Bailed-out US and European banks were considered “too big to fail”. In Iceland’s case, it was thought local casualties were “too big to save”.
At the same time as sub-prime loan defaults were wreaking havoc upon the stability of the US banking system, Icelandic lenders were equally scattering credit on projects of dubious quality. Yet the Reykjavik path to salvation – let the reckless banks go to the wall and their miscreant managers to jail – seems to have produced a more durable solution than pouring public money into the offending institutions.
“[In 2015], Iceland will become the first 2008-10 crisis country in Europe to surpass its pre-crisis peak of economic output,” according to Peter Dohlman, IMF Mission Chief for Iceland. “The key differentiating factors supporting Iceland’s relatively strong recovery are worthy of further study, but rapid external adjustment through depreciation and limited government absorption of private financial sector debt were likely important factors,” he added.
“We will not allow banks to go on wild adventures abroad”
Mar Gudmunsson Governor of the Central Bank of IcelandTweet This
Also important is the lesson learned. A sustainable future for Iceland rests on combining its traditional assets and skills, such as aluminium, fishing, energy, and tourism, with the development of newcomers such as pharmaceuticals, data centres, and bio-fuels.
High interest rates offered by Icelandic banks had attracted so much money from abroad that banks were jointly worth ten times the country’s GDP. This signalled an economic shift from exports into international finance, an area suffering from a dearth of experience. Fuelled by traders’ pursuit of profits, the value of the krona rose ninefold between 1994 and 2008.
Inevitably, disaster struck. Many businesses went bankrupt; the stock market fell by 95 percent; loan interest rocketed to 300 percent plus; almost two-thirds of bank assets were written off after the banks collapsed; and interest rates rose to 18 percent to curb inflation. Capital controls were introduced in November 2008 to avoid complete devastation. The major banks were reconstituted as state-owned domestic operations and will be sold off at a suitable time.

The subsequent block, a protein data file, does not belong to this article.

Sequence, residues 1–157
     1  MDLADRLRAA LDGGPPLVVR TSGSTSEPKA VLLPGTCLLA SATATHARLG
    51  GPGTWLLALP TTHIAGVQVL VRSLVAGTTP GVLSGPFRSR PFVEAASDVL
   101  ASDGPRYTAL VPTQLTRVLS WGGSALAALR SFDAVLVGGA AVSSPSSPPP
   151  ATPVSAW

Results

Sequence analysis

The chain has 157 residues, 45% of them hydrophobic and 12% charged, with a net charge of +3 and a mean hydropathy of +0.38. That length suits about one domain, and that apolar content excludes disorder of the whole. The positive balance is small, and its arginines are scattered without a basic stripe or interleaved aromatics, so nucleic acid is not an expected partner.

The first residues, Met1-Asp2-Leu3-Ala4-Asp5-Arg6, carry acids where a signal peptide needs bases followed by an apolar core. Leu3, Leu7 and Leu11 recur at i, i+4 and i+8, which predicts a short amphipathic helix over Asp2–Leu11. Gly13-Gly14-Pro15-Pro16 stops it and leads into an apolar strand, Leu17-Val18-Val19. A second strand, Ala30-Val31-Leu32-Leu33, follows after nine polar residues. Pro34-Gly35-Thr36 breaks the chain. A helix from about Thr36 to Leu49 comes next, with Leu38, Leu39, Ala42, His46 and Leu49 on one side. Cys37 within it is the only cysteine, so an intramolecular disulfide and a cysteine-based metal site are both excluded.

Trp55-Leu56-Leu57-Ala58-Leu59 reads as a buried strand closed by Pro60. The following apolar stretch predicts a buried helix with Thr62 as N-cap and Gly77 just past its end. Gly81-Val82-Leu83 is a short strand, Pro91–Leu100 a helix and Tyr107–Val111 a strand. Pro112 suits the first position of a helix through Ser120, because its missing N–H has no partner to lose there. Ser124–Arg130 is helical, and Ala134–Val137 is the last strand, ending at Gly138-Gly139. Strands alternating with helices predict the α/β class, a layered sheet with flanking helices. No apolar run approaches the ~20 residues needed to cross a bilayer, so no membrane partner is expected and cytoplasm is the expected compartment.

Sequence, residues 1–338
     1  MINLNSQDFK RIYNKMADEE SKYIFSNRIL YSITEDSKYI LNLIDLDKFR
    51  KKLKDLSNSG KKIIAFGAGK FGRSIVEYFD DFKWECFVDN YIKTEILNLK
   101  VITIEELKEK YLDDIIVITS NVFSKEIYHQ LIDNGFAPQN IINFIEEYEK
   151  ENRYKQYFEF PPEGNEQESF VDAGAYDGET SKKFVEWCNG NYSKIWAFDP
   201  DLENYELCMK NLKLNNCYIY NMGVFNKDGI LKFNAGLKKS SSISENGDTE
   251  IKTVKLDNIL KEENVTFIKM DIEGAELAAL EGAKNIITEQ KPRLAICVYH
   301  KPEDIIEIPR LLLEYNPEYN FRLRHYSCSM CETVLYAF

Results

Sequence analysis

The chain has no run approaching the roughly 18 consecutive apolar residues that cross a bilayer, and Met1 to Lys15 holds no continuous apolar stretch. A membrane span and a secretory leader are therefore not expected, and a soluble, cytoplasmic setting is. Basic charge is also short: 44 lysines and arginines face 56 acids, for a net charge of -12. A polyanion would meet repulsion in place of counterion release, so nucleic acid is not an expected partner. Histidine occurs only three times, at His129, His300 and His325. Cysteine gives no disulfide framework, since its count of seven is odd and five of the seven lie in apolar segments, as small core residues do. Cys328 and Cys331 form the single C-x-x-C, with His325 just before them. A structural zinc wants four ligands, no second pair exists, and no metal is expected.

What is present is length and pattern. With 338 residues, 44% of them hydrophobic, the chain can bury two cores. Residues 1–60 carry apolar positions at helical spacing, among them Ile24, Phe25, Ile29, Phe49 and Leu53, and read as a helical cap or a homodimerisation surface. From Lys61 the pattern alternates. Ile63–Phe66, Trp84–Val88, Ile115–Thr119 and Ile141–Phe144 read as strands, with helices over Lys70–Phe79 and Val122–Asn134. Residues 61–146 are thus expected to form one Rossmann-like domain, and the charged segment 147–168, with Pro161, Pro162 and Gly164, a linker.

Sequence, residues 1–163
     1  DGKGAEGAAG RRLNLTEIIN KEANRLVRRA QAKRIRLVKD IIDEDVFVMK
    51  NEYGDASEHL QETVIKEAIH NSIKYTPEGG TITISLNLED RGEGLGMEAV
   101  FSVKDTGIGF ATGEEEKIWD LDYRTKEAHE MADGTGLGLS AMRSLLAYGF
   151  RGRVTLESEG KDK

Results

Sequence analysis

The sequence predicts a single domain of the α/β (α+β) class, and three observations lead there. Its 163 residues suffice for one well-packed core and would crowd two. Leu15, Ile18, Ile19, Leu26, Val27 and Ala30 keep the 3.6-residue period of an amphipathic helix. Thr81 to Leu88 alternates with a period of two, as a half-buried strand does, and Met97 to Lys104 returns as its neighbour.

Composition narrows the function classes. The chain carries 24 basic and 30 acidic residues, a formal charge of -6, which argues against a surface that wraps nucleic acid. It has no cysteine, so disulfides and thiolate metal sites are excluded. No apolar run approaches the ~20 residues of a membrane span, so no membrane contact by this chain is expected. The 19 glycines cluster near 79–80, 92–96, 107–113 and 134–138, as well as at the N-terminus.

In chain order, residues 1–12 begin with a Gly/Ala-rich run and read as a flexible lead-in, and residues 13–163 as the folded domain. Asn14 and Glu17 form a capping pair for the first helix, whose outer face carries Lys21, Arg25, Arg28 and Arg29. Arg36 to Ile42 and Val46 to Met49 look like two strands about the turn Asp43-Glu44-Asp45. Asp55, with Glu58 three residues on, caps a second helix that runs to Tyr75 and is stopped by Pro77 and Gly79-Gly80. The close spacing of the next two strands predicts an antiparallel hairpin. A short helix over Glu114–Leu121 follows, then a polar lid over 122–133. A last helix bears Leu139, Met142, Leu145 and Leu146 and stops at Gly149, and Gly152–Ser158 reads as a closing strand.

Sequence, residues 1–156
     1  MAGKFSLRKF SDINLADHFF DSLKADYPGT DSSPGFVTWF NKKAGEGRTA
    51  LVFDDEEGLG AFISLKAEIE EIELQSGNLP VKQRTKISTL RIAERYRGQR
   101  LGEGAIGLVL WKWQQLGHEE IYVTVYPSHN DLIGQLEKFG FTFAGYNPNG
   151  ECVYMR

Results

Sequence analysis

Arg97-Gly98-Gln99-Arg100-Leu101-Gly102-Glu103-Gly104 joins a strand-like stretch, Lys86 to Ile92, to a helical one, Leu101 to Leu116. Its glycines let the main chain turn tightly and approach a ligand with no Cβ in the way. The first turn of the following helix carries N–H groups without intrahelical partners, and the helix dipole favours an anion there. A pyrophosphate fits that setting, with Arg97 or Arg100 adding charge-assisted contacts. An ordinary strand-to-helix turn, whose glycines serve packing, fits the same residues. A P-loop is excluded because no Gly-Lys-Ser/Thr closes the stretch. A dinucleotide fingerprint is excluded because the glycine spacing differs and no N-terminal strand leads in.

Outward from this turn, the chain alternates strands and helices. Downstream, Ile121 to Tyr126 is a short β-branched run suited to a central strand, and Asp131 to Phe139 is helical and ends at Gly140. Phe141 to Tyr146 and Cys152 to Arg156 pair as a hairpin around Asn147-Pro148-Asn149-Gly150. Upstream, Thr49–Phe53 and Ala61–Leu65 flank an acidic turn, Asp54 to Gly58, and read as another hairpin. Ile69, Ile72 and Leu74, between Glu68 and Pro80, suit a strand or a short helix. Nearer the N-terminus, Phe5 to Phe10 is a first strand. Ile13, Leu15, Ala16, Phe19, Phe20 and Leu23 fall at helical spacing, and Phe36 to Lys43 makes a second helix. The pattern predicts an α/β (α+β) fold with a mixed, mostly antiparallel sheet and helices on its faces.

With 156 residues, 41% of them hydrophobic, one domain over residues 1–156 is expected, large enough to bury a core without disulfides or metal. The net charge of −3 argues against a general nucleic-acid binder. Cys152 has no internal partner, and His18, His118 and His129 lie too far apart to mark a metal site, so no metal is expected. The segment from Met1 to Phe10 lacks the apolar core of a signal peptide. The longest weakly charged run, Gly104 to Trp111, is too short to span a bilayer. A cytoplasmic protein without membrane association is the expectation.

Arion bank rose to become the biggest mortgage lender apart from the state housing fund. Photo: Arion Bank
Arion Bank building. Photo: Arion Bank
““Emphasis on loans has moved away from big firms
to smaller companies and individuals””
Höskuldur H. Ólafsson CEO of Arion BankTweet This
But by summer this year, the government announced that it was now ready to phase out those capital controls, in a move widely seen as symbolic of the end of the crisis for Iceland. To discourage mass withdrawals by foreigners from the 1.2 trillion krona (£6.0 billion) in frozen bank assets, a 39 percent tax will be levied on all transactions. The downside of capital controls is that they deter foreign investment and increase borrowing costs. Lifting them will also make the sale of the reconstituted banks more likely.
Iceland has staged what appears to be the fastest recovery on record. The national debt is falling and the government has paid off ahead of schedule part of the billions in loans it received from the IMF. “Other indicators of Iceland’s successful trajectory are its low inflation, stable exchange rate, and ready market access,” said Dohlman. The IMF loans were partly to prevent the krona from falling even further and to protect domestic bank deposits.
“Ratings agency upgrades show we are back on track
and will affect our terms in the financial markets”
Bjarni Benediktsson Minister of finance and economic affairsTweet This
Naturally, there are also temporary downsides to the recovery strategy. Loans, especially mortgages, became difficult to acquire and average household debt rose. Even here sustainable solutions are appearing. Half of Arion Bank’s loan business is geared to individuals and it is now the biggest bank provider of mortgages.